Guest Blogger: Shannon Stewart
My kids, ages two and one, are really awesome. No, I mean REALLY awesome. They both slept through the night beginning at four weeks. They’re generally happy and easily self-entertained. They love to read. They eat what I give them with little complaint. They are angels at the store, and all the grandmotherly shoppers call them dolls and tell me wistfully that I have my hands full.
How has this happened? Well, I don’t know. Granted, I do have some seriously strong preferences about parenting, most of which are based on Pamela Druckerman’s excellent Bringing Up Bébé. I definitely think I’m seeing fruit from applying French parenting principles. And it’s easy to feel proud when what you’re doing is working. So I often wonder: are my kids awesome because God just made them that way no matter what I do? Or is it that my parenting strategy works? In other words, are my kids great because God is awesome, or because I am?
(Well, when I phrase it THAT way, the answer is pretty obvious. But, uh, bear with me. I have a larger point.)
I see in the above predicament a parallel to being a writer on social media. I’m constantly analyzing my Facebook posts, tweets, and blog posts: what made that one, and not this one, popular? Was it a matter of timing? Wit? Luck?
Okay, please keep bearing with me, but before I expand on being a writer online, I’m going to bring in one more element. That element is Jacob’s sheep-breeding trick from Genesis 30.
Here’s the story: after Jacob made a deal with his father-in-law Laban that he would keep all the striped or spotted livestock for himself, Laban essentially stole all the livestock of that description from Jacob’s flocks so that it would be less likely Jacob would get to keep any. Here’s what Jacob did in response, from verses 37-39:
Then Jacob took fresh sticks of poplar and almond and plane trees, and peeled white streaks in them, exposing the white of the sticks. He set the sticks that he had peeled in front of the flocks in the troughs, that is, the watering places, where the flocks came to drink. And since they bred when they came to drink, the flocks bred in front of the sticks and so the flocks brought forth striped, speckled, and spotted.
Jacob then uses his sticks only when the strongest livestock are breeding so that the sheep and goats that belong to him are the best of the brood.
I remember being frustrated with this story during my years of hostile agnosticism. Was the Bible really endorsing a practice this unscientific as a legitimate way to muck with genetics? What was the point?
And what is the point? We can be tempted to skim over this “embarrassing” section to get to the stuff that makes sense again. But that flies in the face of some of the best reading advice I’ve ever gotten. “When something about a text bothers you,” one of my professors told me, “camp out there until you’ve resolved it. That’s where the best essays are.”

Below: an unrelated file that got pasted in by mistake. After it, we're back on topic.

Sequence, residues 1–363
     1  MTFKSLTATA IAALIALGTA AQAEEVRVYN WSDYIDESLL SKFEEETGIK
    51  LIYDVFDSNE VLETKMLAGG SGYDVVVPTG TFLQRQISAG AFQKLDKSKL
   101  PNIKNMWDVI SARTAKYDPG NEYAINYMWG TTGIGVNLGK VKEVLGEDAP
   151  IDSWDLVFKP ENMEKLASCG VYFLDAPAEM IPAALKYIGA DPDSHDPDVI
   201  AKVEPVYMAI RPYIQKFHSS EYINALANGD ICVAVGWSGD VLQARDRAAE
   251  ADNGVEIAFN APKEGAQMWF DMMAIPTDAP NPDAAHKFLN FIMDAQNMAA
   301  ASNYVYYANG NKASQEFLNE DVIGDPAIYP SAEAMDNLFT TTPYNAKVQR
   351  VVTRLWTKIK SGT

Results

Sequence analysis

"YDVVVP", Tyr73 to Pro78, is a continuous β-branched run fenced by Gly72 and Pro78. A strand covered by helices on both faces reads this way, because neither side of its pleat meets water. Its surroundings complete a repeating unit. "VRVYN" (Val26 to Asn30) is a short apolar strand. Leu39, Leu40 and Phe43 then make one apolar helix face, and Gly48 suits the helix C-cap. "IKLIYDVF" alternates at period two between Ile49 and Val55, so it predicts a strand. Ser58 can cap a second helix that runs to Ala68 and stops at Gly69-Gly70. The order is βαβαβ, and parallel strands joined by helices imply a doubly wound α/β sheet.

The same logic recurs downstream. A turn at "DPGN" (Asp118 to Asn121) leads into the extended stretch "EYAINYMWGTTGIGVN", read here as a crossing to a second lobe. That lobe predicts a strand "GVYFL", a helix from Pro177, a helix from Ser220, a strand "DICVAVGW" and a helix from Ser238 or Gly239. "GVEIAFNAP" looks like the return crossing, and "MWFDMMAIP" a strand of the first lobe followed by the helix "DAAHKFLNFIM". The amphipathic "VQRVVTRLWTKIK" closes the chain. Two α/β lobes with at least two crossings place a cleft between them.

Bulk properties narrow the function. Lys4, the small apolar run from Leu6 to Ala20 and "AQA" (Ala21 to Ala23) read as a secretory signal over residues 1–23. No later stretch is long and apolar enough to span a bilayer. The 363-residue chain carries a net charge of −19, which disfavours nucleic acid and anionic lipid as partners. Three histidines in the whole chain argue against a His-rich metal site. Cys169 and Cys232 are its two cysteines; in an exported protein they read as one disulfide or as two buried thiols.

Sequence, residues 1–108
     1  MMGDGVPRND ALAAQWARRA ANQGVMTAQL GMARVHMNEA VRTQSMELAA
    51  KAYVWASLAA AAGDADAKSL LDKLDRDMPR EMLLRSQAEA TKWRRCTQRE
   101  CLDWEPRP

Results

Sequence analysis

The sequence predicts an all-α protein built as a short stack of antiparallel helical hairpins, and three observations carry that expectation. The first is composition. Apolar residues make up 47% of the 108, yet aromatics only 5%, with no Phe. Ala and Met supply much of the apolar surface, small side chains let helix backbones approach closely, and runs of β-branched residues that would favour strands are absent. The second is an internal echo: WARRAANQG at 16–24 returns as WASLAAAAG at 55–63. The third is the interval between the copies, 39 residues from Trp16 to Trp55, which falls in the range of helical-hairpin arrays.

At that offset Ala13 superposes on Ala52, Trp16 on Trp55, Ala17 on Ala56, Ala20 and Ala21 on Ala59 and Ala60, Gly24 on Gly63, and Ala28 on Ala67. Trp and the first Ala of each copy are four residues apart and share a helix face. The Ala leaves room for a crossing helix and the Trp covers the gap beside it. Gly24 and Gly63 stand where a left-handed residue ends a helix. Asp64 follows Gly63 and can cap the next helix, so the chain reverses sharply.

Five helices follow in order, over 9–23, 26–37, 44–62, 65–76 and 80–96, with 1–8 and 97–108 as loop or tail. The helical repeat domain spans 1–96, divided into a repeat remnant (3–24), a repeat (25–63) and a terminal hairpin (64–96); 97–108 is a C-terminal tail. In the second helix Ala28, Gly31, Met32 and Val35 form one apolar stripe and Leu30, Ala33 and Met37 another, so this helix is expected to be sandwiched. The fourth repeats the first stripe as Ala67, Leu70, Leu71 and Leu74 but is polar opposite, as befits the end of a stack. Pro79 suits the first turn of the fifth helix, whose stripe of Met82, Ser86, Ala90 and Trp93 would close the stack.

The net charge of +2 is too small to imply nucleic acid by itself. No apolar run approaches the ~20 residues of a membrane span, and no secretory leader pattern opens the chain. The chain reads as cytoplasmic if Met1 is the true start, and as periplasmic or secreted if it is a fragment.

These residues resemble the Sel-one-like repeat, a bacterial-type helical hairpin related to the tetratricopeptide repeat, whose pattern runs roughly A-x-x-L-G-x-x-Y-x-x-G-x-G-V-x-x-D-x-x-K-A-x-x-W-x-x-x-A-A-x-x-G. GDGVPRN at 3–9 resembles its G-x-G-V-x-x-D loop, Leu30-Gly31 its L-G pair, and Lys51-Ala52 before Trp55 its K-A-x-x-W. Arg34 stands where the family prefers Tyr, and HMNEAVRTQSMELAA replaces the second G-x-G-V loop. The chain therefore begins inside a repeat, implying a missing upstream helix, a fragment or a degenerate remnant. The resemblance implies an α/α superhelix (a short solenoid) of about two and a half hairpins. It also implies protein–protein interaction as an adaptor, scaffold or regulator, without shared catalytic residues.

So I camp out on Jacob’s sticks. My study Bible tells me that “the text should not be understood to imply any causal relationship between the sticks and the newborn animals” (ESV Study Bible [Wheaton, IL: Crossway], 103). So the point is not the sticks. The point, I think, is God’s faithfulness to Jacob. He had promised Jacob in Genesis 29:15, “Behold, I am with you and will keep you wherever you go,” and He was fulfilling that promise. Jacob could have carved his sticks, or designated a lucky breeding ground, or done a “spotted sheep dance” while yelling “hoogledy-boogledy,” and all of it would have been just as effective, because God had determined to bless Jacob and that’s what He was going to do. Sticks or no sticks.
Jacob’s efforts, in a sense, were futile, but God made him prosperous anyway. And the more amazing thing is that it’s not just Jacob’s silly stick strategy that God blessed him in spite of—there was also active opposition from his boss Laban, who cheated him multiple times. If God decides to bless you, nothing can stand in His way.
So it could really be that my child-rearing tactics are effective. Or I might think that my tweet got liked because I connected to the right people or did it at the right time of day (just before lunch, but not TOO before lunch, on a Tuesday!). But for all I know, I might be using Jacob’s sticks. Ultimately, whether I’ve picked a strategy that works or one as seemingly crazy as Jacob’s sticks, it’s God’s desire to bless me that actually blesses me. “Many are the plans in the mind of a man [sticks, baby-raising, social media], but it is the purpose of the LORD that will stand” (Proverbs 19:21).
No matter whether my next Facebook post gets liked or not, I know God’s purposes for me are good. I can always be sure that His posture toward me is one of blessing, no matter my perceived successes or failures, because Christ won God’s favor for me. So I have nothing to fear—and everything to thank Him for.
Shannon Stewart is a high school English teacher with an MA in English Literature still curled in its mail tube in her closet. The real prize, her love for British fiction, is on exuberant display in her classes each week. So far, she’s completed several of her life goals: naming her two children after fictional characters, getting her husband to play The Legend of Zelda: Ocarina of Time, and completing her first WIP, the fantasy Callia-Born, this year.